Show or Hide answer I'm a PI End User and got my space through a sponsoring LIR. Can I still get a certificate?

Yes, a PI End User or the Sponsoring LIR can request a certificate for PI End User resources.

Show or Hide answer How does RPKI protect me from BGP hijacking?

Resource Certification (RPKI) allows LIRs to make a cryptographically verifiable statement, known as a Route Origin Authorisation (ROA), indicating which Autonomous Systems are authorised to originate the IP prefixes that the LIR holds. This marks the associated BGP announcements as RPKI Valid. At the same time, any origination of the prefix by an unauthorised AS i.e. a BGP hijack, is marked as RPKI Invalid.

Any network operator can base routing decisions on the information that the RPKI data set provides. In order to do this, there are several validation toolsets available that can integrate into existing workflows.

Please note that in the current implementation, RPKI only provides origin validation, not path validation.

Show or Hide answer You are only providing BGP origin validation and not path validation. Does that make the system less valuable?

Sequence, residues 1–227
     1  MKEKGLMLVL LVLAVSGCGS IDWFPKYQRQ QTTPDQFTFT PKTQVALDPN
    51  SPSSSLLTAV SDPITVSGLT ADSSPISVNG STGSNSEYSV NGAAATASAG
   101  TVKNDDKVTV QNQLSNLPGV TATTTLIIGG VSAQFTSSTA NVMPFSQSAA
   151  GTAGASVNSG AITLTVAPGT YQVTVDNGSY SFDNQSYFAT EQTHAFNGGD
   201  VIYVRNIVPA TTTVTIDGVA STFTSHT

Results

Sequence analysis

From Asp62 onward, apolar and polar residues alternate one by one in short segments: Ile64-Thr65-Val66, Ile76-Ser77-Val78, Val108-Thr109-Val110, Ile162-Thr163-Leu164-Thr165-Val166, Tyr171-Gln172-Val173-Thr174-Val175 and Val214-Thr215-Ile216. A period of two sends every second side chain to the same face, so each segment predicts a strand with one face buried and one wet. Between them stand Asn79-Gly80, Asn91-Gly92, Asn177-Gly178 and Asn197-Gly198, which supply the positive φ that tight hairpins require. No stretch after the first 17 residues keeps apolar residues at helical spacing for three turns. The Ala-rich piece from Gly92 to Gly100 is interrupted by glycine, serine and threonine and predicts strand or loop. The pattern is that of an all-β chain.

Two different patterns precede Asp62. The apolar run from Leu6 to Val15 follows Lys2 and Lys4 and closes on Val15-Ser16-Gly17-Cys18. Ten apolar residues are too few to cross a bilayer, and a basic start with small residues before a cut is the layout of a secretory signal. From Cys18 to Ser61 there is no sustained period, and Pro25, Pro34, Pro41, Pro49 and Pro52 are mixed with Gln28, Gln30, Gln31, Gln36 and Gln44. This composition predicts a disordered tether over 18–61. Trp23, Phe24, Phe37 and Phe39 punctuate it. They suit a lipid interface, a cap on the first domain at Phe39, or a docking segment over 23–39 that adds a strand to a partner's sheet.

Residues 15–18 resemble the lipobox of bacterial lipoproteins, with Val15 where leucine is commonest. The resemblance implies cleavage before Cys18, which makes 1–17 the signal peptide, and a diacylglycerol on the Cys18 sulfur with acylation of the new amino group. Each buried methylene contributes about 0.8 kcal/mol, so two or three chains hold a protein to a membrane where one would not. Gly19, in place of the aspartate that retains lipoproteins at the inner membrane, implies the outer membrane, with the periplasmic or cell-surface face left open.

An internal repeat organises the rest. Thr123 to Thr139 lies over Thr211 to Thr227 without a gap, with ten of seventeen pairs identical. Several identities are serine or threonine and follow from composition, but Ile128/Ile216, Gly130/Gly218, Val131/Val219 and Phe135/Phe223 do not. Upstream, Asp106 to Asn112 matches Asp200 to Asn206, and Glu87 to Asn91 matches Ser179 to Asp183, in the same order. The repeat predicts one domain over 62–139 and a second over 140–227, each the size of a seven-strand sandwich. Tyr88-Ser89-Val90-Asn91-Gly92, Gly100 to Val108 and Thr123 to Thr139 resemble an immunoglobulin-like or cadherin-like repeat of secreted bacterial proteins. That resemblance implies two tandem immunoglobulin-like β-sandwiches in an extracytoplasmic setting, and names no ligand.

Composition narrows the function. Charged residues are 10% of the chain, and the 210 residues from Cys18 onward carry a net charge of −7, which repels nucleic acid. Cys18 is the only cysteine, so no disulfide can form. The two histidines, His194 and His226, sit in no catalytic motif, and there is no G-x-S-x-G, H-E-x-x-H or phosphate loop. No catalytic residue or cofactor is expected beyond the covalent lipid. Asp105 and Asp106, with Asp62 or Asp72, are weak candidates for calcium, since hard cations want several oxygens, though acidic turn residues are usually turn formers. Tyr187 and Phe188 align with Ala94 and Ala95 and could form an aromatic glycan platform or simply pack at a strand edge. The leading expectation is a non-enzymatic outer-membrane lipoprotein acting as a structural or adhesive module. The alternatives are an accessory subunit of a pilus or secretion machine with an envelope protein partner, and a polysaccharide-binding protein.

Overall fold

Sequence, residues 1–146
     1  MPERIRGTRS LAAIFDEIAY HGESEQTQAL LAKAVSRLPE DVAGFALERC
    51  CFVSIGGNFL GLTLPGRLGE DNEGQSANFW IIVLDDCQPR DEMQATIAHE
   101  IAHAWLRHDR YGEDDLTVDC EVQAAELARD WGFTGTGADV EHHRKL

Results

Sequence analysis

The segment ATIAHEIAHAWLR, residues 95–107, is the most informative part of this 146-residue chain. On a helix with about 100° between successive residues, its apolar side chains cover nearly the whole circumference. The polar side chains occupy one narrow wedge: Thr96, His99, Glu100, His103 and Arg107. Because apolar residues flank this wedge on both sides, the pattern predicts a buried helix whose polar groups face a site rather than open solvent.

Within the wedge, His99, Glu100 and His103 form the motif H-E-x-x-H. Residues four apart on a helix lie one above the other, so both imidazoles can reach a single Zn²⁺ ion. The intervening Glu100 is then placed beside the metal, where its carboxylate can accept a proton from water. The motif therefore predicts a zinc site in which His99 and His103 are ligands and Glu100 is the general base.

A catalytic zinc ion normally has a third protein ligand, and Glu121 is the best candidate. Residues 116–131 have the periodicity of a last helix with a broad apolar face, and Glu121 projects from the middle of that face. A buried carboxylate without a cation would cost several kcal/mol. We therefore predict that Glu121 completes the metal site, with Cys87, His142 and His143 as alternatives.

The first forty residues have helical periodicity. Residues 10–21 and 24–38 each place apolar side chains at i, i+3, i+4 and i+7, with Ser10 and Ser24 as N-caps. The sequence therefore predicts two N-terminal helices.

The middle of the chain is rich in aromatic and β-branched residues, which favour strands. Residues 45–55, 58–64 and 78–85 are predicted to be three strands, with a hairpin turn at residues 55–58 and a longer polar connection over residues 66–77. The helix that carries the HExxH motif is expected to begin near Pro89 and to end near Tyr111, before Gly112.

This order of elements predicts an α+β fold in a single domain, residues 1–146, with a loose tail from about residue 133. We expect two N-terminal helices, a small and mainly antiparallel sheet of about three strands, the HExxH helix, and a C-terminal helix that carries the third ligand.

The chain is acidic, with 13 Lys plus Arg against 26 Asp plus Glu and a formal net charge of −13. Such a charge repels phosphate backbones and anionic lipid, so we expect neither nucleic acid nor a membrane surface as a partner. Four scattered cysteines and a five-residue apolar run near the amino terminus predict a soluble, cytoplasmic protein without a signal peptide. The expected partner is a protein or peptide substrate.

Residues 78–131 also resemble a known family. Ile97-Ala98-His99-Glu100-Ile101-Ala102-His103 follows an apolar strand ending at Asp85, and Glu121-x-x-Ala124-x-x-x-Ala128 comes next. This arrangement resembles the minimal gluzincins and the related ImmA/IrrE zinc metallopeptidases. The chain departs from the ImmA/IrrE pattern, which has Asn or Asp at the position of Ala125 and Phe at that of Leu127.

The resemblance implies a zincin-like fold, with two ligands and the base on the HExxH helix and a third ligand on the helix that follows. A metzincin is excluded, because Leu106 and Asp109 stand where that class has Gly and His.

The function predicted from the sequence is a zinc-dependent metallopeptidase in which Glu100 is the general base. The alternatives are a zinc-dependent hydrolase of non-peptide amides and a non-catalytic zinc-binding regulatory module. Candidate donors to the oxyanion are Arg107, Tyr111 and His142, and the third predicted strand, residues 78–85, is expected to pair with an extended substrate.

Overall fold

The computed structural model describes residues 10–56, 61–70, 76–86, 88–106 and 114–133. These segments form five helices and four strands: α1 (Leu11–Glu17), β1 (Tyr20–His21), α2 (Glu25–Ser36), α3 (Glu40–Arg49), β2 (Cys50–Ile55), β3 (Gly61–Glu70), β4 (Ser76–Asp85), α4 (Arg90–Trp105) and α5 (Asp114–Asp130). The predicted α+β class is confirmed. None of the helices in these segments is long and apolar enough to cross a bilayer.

BGP origin validation will already cover the bulk of the problems we see today. Many of the BGP hijacks that occur are accidental mis-originations, and the current implementation has the ability to protect against them.

Standards for BGP path validation are currently being developed in the IETF. They build on the foundation that has been laid by the current BGP origin validation implementation.

Show or Hide answer What is a Route Origin Authorisation (ROA)?

A ROA is a cryptographically signed object that states which Autonomous System (AS) is authorised to originate a certain prefix. Because a ROA is a child object of a resource certificate, only the legitimate holder of a certain IP address block can create a valid ROA for one of the prefixes that the LIR holds.

In addition, a ROA can specify a maximum prefix length. When present, this specifies the length of the most specific IP prefix that the AS is authorised to advertise. When it is not present, the AS is only authorised to advertise exactly the prefix specified. Any more specific announcement of the prefix will be considered RPKI Invalid. This is a way to enforce aggregation and prevent hijacking through the announcement of a more specific prefix.

More information on ROAs, including several examples, is available.

Show or Hide answer There is a Maximum Length option in the ROA. What is this and how do I use it?